• In the event of death of proposer, usually no further premiums need to be paid by the family. However, depending upon the policy type, the child may or may not receive the sum assured upon the death of the insured. However, the policy continues and the child receives the sum assured plus bonus, if any, at the pre-determined time of the policy.
  • Upon survival of the term of the policy, the child receives money at the pre-determined time.
  • Such policies are best suited for planning children’s higher education and marriage expenses.

Unit-linked Insurance Plans

  • A portion of the premium is invested in the stock market or in a mutual fund. Thus, the returns earned on such a policy are transparent (unit-linked) since they can be tracked on a daily basis.
  • The company utilizes balance part of the premium to cover insurance and administrative costs.
  • In the event of death of insured, the nominee receives sum assured plus returns earned in the market by the insurance company.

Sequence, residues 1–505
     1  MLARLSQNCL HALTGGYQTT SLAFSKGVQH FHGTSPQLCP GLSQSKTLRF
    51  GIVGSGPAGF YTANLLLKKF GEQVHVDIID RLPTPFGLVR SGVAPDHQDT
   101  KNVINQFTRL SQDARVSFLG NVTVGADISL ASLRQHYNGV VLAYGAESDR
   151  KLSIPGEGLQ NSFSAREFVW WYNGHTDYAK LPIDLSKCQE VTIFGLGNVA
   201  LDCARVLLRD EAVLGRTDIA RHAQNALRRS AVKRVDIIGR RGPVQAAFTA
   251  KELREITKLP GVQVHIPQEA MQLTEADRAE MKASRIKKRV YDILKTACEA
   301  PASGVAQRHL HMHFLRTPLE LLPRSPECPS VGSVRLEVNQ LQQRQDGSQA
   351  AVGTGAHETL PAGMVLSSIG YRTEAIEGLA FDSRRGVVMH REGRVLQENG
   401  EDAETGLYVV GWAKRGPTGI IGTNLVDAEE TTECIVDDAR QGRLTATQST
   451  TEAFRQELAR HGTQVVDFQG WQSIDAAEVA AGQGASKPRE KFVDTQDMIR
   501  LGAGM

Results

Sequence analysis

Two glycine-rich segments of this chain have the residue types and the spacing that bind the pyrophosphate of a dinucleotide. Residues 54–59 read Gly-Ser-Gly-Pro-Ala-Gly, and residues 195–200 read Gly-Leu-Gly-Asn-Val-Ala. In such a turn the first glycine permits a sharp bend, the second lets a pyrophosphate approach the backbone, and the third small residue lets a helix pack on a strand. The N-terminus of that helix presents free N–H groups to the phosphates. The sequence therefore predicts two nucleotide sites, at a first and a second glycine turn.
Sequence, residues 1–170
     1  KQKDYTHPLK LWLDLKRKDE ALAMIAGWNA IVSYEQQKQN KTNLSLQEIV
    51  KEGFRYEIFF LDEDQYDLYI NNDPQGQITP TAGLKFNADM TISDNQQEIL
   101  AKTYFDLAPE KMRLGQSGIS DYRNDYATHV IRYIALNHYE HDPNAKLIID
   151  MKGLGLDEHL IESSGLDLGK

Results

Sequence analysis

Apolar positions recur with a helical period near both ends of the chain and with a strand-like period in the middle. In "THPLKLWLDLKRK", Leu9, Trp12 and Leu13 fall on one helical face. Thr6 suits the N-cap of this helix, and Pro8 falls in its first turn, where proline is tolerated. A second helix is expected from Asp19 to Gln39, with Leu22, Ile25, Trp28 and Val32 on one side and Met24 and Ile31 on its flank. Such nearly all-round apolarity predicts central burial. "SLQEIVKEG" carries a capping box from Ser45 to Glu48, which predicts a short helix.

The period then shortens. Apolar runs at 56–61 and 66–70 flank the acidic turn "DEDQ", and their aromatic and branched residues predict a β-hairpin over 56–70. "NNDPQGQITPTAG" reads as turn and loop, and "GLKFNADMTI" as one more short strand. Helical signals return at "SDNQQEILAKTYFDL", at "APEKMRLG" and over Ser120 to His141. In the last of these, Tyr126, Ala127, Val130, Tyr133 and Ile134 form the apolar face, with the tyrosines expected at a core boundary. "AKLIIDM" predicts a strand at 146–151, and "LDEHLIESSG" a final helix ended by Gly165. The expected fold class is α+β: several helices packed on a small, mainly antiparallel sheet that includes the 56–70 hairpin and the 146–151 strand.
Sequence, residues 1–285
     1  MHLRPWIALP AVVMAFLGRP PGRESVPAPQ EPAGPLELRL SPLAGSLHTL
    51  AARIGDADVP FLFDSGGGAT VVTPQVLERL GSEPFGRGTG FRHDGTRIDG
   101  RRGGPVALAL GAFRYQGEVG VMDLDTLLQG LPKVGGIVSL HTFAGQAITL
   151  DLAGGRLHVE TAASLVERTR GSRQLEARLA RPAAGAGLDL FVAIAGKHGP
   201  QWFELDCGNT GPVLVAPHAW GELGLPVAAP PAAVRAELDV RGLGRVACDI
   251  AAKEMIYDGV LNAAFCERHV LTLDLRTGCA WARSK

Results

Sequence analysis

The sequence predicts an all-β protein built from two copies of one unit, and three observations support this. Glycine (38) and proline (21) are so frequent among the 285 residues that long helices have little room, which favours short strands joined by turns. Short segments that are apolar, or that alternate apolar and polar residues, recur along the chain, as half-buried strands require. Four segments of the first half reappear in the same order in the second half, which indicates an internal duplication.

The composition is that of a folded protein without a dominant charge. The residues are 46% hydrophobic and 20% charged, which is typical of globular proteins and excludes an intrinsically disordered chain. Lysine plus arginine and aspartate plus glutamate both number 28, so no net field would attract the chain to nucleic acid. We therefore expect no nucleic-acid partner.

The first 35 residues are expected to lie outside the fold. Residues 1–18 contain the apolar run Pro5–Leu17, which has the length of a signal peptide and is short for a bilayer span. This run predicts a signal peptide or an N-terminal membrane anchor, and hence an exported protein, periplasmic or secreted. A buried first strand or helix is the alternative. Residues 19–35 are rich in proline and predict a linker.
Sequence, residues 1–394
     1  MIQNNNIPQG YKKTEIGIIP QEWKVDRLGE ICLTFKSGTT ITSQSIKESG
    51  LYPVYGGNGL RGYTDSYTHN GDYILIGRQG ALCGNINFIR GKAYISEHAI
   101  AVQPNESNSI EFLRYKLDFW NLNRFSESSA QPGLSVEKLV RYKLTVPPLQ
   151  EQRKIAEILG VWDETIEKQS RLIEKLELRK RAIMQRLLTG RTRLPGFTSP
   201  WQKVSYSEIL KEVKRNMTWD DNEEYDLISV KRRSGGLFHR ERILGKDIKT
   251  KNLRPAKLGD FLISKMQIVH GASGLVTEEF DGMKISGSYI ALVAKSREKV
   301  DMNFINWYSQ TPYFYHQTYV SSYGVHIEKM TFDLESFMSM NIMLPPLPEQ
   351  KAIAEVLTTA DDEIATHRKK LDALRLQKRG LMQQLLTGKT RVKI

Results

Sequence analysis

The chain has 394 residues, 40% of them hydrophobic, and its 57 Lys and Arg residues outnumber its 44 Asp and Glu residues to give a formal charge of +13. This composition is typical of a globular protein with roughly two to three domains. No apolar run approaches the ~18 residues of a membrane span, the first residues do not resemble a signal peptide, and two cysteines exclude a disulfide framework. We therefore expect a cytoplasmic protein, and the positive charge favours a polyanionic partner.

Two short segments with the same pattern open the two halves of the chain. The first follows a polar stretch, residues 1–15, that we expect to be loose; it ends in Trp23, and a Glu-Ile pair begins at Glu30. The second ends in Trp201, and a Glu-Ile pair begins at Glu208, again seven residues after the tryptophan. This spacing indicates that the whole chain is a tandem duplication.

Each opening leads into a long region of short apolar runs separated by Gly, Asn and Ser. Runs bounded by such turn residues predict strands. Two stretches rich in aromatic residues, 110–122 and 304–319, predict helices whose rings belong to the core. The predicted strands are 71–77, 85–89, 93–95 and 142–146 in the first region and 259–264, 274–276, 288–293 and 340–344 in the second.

• Upon surviving the term of the policy, the insured receives the returns earned in the stock market by the insurance company.

Whole life Plans
Whole life policies provide insurance until the death of the insured person.

  • Upon the death of the insured, the nominee receives the sum assured plus the bonus, if any.
  • Whole life policies typically offer no survival benefits, since there is no definitive term to the policy. However, the insured could make withdrawals or take loans against the cash value of the policy.
  • Typically, the cash value (the interest or bonus earned on the premium) of a Whole Life policy is higher than that of an Endowment with Profit policy.
  • Moreover, the premium for a Whole Life policy is paid for a longer duration of time (since the insurance coverage term is longer). However, the insured has the option of selecting the premium paying term.

Pension Plans

  • Pension policies provide a regular sum of money to the insured or to his nominee for a fixed period.